Joey Jessup is very good at her job. And it is a job that she really enjoys. Joey is a key costumer and over her career she has worked on almost every type of film, with a number of A-list actors and directors, along with some of the most talented costume designers in the industry. Joey knows how to get the job done without drawing unnecessary attention to herself.
Joey’s current job is on the next big-budget Hollywood superhero epic. This is a huge production, with a budget to match. And it is being directed by Marcus Pray, a director with an ego that makes the production, and the budget, look like an indie film in comparison. Joey almost didn’t take the job because, along with his ego, Pray has a reputation for being difficult at best and progressively abusive and reckless with his cast and crew. In addition to working for Pray, Joey also had to consider the fact that her ex-boyfriend, Eli Logan, will be working on this film as the first assistant director and has recently started dating Courtney Lisle, the second assistant director. Working on this production will be a challenge, but Joey is certain she can be professional with Pray, Eli, and Courtney for the duration of the production. And this job affords her the chance to work from home over the months the film is being shot, which is a valuable luxury to someone used to living out of a suitcase for long periods of time. So, she took the job and is using all of her professional skills with the local resources to pull off superhero movie magic on-time and on-budget.
On the first day of principle photography, Joey discovers Courtney’s body on the set. Given her past with Eli, the police consider Joey to be a person of interest in the investigation of Courtney’s murder. Joey knows she didn’t do it. The production is a closed set, so there must be a murderer among the cast and crew. Joey now finds herself at the center of a production maelstrom and a murder investigation. Can she figure out who killed Courtney, and why, before someone else, possibly herself, gets hurt?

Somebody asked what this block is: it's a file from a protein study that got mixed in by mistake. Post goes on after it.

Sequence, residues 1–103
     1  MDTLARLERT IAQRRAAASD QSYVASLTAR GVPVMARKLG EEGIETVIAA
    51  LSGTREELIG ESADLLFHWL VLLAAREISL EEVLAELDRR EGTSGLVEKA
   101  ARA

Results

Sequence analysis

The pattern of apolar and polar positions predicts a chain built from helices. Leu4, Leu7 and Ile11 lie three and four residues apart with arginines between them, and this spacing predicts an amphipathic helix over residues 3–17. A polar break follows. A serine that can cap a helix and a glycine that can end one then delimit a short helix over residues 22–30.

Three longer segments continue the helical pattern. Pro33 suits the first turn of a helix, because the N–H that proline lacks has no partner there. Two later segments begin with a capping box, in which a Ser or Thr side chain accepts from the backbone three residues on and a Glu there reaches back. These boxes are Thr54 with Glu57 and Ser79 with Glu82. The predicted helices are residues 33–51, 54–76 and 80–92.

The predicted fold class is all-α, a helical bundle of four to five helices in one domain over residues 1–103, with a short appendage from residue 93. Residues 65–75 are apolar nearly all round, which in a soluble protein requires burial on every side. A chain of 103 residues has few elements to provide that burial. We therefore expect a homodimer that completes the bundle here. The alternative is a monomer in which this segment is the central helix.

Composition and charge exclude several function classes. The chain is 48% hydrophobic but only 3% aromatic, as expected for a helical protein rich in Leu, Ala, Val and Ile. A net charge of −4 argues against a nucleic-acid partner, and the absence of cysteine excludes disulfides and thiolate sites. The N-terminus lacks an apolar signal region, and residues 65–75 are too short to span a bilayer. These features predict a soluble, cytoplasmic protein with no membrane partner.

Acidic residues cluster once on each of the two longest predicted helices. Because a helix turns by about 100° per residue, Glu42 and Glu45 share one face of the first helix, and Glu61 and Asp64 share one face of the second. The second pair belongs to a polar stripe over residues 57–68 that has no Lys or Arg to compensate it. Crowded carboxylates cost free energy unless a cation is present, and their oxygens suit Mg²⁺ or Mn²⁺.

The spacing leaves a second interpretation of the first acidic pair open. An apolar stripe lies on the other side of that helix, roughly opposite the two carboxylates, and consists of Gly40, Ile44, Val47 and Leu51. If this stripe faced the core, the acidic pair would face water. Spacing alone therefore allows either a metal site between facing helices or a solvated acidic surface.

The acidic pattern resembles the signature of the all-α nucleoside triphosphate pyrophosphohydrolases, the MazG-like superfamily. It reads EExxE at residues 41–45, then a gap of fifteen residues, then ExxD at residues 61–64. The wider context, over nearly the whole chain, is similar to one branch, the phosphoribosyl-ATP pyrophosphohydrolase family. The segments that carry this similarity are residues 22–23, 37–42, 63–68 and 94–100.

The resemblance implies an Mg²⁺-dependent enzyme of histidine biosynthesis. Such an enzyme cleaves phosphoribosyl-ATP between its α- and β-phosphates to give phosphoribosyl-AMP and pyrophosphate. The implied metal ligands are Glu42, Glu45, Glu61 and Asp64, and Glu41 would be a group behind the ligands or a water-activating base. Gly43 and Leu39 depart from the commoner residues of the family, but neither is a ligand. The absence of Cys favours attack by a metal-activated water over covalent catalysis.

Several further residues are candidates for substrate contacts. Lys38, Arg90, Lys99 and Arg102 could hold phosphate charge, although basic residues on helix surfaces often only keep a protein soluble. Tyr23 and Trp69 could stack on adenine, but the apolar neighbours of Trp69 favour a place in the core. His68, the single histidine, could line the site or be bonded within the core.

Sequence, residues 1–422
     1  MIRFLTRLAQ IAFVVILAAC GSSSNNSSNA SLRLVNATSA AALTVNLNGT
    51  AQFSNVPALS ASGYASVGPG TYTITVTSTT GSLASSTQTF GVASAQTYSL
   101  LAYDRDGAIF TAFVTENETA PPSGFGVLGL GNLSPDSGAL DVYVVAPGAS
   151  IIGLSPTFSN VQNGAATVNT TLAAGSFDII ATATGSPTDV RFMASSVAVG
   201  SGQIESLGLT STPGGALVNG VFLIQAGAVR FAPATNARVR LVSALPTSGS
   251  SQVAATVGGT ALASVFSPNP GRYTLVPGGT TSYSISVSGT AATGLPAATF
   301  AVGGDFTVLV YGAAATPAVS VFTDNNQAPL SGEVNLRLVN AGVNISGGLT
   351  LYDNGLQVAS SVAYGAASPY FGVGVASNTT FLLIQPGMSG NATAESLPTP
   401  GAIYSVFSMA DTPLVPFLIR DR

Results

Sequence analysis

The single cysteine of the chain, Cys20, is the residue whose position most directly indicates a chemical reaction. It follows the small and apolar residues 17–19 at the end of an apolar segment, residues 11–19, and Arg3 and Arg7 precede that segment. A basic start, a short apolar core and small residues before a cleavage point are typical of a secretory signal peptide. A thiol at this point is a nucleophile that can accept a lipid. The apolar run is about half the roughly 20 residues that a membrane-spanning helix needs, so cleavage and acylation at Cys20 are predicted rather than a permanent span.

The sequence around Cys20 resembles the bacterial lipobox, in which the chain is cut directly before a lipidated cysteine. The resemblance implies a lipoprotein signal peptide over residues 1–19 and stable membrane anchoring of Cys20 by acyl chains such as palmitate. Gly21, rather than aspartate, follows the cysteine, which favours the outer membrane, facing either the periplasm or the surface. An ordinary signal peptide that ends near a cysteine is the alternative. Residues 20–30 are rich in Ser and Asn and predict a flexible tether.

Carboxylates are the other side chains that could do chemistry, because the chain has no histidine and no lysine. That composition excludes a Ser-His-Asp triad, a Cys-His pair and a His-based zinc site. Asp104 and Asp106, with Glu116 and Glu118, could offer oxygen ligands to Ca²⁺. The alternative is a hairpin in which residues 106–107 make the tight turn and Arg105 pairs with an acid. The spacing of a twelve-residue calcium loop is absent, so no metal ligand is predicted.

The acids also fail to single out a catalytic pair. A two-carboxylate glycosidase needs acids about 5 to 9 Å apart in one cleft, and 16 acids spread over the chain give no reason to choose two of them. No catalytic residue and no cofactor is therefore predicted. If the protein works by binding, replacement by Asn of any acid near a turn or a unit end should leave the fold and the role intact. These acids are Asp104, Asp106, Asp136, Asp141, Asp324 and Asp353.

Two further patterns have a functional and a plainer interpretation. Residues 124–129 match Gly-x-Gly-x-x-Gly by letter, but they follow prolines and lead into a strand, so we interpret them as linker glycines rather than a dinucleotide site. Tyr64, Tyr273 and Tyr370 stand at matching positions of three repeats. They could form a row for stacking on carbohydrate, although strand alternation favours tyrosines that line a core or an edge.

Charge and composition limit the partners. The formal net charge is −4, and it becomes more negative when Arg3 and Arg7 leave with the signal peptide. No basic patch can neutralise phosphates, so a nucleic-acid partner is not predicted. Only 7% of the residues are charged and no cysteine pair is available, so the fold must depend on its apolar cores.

In Final Cut, former costume designer turned author Marjorie McCown takes readers “behind the scenes” on the closed set of a big-budget Hollywood production for a marvelous whodunnit. McCown deftly walks a literary tightrope. For those with limited or no knowledge of how movies are made, she defines the different people on set, their functions, and describes how the controlled chaos of a motion picture production actually functions. For those who are familiar with, or may be part of, the entertainment industry, the novel is sprinkled with references that only insiders will understand (for example: Left Coast Costumes in the novel, is clearly a reference to Western Costume, one of the oldest and best known businesses in the entertainment industry).
The mystery presented is believable and McCown peppers the plot with multiple suspects, dead ends, and “MacGuffins”. Her characters are well drawn and interesting. Two in particular stand out: Joey, the novel’s protagonist, and director Marcus Pray. Joey is a delight. A confident and self-reliant woman who knows her job, Joey proves repeatedly how/why she has earned a sterling reputation within her industry. It is refreshing to see a professional woman in her prime portrayed in this manner.
In sharp contrast is Marcus Pray. Pray has a well-earned reputation as well. He is a known sexist, with an ego as large as his film’s budget, and a sense of entitlement that is equally expansive. He is known for being all of these things, and worse, but is tolerated in the industry because his films make money. McCown allows readers to observe how these characters, and their reputations, are perceived, and enabled, by their peers. She also illustrates how Pray’s ability to make money is repeatedly used to justify his intolerable behaviour by the very people that could hold him accountable, if they would choose to do so.
Final Cut is listed as being the first in a new mystery series. Let’s all hope that we’re able to join Joey Jessup on set again soon for her next adventure!
Read an interview with the author here.